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Polish taxi drivers in go-slow to protest against unlicensed drivers

Hundreds of taxi drivers in Poland's four largest cities drove at a crawl during Monday's morning rush-hour, blocking roads in a protest aimed at drawing the government's attention to the rising number of unlicensed drivers who offer transport services.

The taxi drivers claim unlicensed services, such as Uber and others, are a threat to their livelihoods and they want the government to protect their authorised businesses.

Advancing slowly in long lines, with Poland's national white and red flags flying on their cars, they were to deliver petitions to the prime minister's office and to the finance and infrastructure ministries.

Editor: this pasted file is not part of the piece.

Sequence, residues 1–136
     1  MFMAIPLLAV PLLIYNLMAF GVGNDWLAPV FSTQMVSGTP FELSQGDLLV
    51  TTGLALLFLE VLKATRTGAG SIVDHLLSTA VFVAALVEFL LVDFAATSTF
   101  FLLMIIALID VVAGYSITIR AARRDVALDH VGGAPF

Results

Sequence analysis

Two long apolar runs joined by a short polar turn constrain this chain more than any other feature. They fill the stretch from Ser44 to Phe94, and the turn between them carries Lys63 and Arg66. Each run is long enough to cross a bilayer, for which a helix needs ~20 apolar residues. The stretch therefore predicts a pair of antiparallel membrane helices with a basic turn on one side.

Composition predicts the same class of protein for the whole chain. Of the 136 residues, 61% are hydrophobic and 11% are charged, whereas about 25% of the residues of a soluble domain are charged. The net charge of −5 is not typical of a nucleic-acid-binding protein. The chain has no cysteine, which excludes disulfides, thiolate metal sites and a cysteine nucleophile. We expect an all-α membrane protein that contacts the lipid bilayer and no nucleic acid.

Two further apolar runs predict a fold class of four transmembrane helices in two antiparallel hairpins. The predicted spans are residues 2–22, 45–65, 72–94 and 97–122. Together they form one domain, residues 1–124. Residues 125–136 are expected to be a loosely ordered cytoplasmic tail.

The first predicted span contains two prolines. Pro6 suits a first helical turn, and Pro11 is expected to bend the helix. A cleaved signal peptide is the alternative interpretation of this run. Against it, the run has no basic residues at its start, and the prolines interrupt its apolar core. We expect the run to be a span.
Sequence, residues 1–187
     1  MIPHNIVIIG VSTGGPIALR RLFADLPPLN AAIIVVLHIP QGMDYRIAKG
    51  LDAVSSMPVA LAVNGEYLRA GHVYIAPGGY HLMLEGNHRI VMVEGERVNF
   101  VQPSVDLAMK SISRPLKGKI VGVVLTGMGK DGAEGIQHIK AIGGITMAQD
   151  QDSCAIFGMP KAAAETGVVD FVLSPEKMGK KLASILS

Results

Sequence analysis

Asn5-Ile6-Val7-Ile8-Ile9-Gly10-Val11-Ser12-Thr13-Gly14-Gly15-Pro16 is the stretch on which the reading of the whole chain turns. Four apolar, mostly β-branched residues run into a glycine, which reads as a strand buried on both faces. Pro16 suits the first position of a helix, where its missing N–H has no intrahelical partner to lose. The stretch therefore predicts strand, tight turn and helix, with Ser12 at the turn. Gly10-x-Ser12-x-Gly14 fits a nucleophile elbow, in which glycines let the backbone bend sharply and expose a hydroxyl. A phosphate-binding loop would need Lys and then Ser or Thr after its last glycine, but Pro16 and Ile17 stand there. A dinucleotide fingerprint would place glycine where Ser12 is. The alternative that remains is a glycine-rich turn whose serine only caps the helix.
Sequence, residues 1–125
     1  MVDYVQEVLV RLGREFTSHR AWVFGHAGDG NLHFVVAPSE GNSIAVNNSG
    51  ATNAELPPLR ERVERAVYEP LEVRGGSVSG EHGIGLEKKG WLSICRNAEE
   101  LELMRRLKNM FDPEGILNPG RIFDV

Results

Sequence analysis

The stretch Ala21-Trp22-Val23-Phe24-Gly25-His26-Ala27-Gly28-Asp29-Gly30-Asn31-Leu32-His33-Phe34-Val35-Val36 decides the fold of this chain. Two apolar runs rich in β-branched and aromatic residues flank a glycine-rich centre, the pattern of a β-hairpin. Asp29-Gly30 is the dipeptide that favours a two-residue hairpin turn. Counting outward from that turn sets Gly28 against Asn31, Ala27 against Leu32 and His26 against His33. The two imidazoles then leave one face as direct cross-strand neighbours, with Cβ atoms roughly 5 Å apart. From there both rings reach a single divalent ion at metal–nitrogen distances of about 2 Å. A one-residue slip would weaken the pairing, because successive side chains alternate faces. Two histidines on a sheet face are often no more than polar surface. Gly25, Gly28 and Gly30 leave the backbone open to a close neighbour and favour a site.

But their action drew some angry comments from bus drivers and those trying to get to work on time.

Some 2,000 members were taking part in the protest, said Jaroslaw Iglikowski, the head of the taxi drivers' union in Warsaw.

Unlike the registered drivers, the unlicensed drivers produce no fiscal records for the tax offices and do not have to pass psychological tests, he said.

"We want the government to react to the illegal activity of some transport groups," Mr Iglikowski told the Polish news agency PAP.

In addition to the demonstration in Warsaw, similar protests were staged in the cities of Wroclaw, Poznan and Lodz.

Earlier this year the government said it was working on a new law to regulate transport services, but gave no deadline for implementing it.

AP

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